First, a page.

Api Service

Defining ajax entry points for your plugin can feel a bit messy in a sense that it works with hooks. Those hooks could be defined at multiple places (unless you create a hook service), and for each hook defined, you associate a callable that can be a function, an object method somewhere, or somewhere else.

The idea behind the Api Service is to provide a class that will act as an API controller to gather all the API logic, and that can be used to abstract and ease ajax endpoints registration.

How to create an Api Service

Create a class that extends the AbstractApiService class. The AbstractApiService class implements the ApiServiceInterface.

class MyPluginApiService extends AbstractApiService
{
	//All the public methods defined in this service can be used as an ajax endpoint
}

All the public methods defined in this service can be used as an ajax endpoint! No more hook definition, you just create the API service, and then declare public methods in it. Those methods can now be accessed via JavaScript calls.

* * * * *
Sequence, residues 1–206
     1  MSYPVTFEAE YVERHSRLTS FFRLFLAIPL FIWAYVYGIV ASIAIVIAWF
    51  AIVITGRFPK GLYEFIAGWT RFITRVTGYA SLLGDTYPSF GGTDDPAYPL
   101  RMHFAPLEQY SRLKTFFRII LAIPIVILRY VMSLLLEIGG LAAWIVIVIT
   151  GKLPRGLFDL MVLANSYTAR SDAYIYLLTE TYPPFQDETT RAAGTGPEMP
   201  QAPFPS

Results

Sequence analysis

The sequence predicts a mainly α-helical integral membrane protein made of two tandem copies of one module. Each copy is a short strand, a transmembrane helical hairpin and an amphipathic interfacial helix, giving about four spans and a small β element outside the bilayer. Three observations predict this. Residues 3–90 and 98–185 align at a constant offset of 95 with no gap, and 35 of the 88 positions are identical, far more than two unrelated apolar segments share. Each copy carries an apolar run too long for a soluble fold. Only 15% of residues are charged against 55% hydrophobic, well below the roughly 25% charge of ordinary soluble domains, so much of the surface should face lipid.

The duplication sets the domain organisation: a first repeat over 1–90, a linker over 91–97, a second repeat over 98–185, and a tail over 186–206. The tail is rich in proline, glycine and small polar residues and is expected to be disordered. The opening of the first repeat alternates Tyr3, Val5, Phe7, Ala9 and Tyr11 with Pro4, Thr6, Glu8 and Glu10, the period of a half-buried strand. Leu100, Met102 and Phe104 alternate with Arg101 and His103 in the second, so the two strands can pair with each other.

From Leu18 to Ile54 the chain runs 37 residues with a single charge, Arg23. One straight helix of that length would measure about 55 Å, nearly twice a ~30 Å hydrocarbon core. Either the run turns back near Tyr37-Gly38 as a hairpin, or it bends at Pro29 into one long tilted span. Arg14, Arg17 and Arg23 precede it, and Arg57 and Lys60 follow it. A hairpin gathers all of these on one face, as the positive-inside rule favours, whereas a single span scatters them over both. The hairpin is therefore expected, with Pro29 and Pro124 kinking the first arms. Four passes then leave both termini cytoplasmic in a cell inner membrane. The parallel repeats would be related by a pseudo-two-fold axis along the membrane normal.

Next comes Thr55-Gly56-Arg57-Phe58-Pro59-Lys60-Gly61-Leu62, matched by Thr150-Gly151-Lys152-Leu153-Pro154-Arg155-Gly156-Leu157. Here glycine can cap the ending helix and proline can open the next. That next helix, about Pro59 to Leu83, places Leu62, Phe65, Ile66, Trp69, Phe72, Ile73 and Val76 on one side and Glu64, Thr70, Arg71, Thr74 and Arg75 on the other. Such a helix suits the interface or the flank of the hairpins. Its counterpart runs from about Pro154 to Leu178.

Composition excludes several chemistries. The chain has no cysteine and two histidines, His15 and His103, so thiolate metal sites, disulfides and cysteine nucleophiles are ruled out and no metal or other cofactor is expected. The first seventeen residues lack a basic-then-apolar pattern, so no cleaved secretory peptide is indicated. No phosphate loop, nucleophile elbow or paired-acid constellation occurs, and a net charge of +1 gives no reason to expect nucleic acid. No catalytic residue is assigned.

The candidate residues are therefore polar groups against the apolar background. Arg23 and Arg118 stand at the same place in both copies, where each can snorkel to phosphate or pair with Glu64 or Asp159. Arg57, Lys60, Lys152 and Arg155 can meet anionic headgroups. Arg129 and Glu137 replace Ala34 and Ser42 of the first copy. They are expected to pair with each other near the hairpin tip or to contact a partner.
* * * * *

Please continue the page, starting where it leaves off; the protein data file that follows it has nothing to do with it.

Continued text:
Registering the Api Service

Add these few lines inside your plugin manager.

//Api
$this->addService(AbstractService::$APISERVICENAME, function(){
    return new MyPLuginApiService();
});

How to access my ApiService method from the JavaScript

Make an ajax call to the ajaxurl global variable

jQuery.post(
	ajaxurl, //The ajaxurl global variable
	{ 
		action: 'MyApiServiceName.myApiServiceMethod', 
		otherParamKey: otherParamVal
	}, 
	function (response) {}
);

In this call, pass some object paramaters. This object should contain an action key, whose val should be the name of your api service class, then a '.', then the method you'd like to call.

You can also defined som more parameters that will be passed to the service's method.

Result

In an attempt to standardize api call responses, we've created a Result object that takes two arguments, an http response code, and an array of data.

In practice, in your api methods, you could end the method with something like this:

$response = new Result(
	200, //Your HTTP code
	[ 
    	'settings'=>$formView,
    	'visibleFields'=>$visibleFields
	] //Your array of data
);

return $this->respond($response); //The respond method is also a standard method to end api calls

I tend to find this Result object practical, and to use it even in not api related actions, (like form submission services for example).